Jarrett Allen is emerging as an elite big man, averaging a double-double and looking like one of the game’s top young centers. He’s given the Nets everything they could have dreamed of when they drafted him.
Well, if we’re picking nits, everything except one thing. Tasked with shoring up his rebounding, he did. Charged with improving his consistency, he has. Now about those free throws …
“Allen’s ascension has really helped them. He’s really improved and become one of the better bigs around,” Boston coach Brad Stevens said.
“On the offensive boards, we haven’t seen this from Jarrett. He’s really starting to do it consistently, which is tough for young guys as you know,” Nets coach Kenny Atkinson added. “When we drafted him, it was like the sky’s the limit for his talent. He’s a heck of an athlete. He stays healthy, which is a big thing. And he’s got a ton of [talent].
“We’ve got to get the free throws now. And he’s working on it. But he just keeps getting better. There are signs he could be really, really good.”
The signs are the 2017 second-round pick averaging 11.8 points and 10.3 boards, leading the league in field-goal percentage (68.3) and almost doubling his rookie rebounding mark of 5.4 per game. And he’s getting better by the week, boosting those numbers to 16 points and 12.5 rebounds over his past eight games.
“For sure I’ve seen an improvement in myself,” Allen said. “Being more confident in myself especially on the offensive rebounding, just knowing my strengths and weaknesses.”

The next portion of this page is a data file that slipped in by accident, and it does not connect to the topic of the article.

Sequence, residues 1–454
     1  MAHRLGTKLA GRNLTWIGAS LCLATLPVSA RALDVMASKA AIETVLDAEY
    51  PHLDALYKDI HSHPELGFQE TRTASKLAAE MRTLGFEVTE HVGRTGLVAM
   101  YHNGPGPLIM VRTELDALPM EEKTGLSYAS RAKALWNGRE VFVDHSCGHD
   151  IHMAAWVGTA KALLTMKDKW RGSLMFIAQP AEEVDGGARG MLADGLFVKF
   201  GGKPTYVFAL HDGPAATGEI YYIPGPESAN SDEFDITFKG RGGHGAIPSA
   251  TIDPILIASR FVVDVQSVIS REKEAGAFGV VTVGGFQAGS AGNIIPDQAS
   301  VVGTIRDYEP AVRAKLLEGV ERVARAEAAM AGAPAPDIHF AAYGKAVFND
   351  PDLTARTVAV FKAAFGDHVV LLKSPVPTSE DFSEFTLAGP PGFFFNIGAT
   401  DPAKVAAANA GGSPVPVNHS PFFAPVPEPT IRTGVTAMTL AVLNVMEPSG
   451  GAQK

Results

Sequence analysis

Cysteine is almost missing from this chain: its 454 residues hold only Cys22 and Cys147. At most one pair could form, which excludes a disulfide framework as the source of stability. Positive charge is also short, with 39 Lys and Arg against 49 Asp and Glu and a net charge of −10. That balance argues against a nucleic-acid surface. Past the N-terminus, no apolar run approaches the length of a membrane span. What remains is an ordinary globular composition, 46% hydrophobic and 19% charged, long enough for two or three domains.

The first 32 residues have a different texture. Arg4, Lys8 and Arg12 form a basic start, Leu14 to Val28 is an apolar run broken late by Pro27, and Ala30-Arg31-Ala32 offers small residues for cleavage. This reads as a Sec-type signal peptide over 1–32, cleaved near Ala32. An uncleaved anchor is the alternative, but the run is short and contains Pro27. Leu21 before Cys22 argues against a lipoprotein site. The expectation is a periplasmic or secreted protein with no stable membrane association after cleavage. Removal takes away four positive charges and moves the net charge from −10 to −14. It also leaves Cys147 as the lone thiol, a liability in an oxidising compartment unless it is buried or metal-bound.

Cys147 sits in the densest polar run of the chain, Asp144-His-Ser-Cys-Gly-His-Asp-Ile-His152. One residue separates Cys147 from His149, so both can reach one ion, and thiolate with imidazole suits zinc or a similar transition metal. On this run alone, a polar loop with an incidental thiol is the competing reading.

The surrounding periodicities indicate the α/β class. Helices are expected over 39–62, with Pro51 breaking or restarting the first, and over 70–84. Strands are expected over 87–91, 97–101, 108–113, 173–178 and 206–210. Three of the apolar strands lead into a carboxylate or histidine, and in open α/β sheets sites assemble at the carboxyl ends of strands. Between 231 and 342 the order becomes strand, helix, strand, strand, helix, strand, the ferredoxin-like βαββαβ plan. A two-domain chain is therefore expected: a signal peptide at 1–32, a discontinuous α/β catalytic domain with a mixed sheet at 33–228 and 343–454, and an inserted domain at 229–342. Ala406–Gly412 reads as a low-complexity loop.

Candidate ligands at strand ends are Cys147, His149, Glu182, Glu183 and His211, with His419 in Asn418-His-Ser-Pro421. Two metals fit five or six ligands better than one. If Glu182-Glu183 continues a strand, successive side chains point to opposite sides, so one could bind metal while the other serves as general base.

That weakness is definitely free-throw shooting. The fact Allen is shooting 10 percent worse at the line than the field (58.3) is something he admits needs work.
And as he does in many things, Allen don’t need to look further than his backup, DeAndre Jordan, for inspiration.
Jordan was an infamously poor free-throw shooter, making just 38.5 percent as a rookie and just 48.2 percent in 2016-17. But he put in the work to improve and has seen it pay off.
After bumping his foul shooting up to 58.0 percent the following year, he sank a career-best 70.5 percent last season, including 77.3 click with the Knicks.
“DeAndre, I’m going to talk about him. He was a horrible free throw shooter. Horrible,” Allen said. “And he got better. He put in the work. He put in the work. Now he’s like, what, 75 percent last year. So there’s definitely a lot to look on, there’s an improvement level I can make.”
As for Jordan, Atkinson insists the ankle injury that cost him the past two games isn’t serious. He first hurt it Nov. 4 versus New Orleans and aggravated it. Jordan is probable for Friday.
“It’s not tragically [bad], like man this is long,” Atkinson said. “It’s definitely day-to-day. He aggravated it early. Like every guy he wants to get right back out there. I think it’s a little sore and I expect him to be back soon.”
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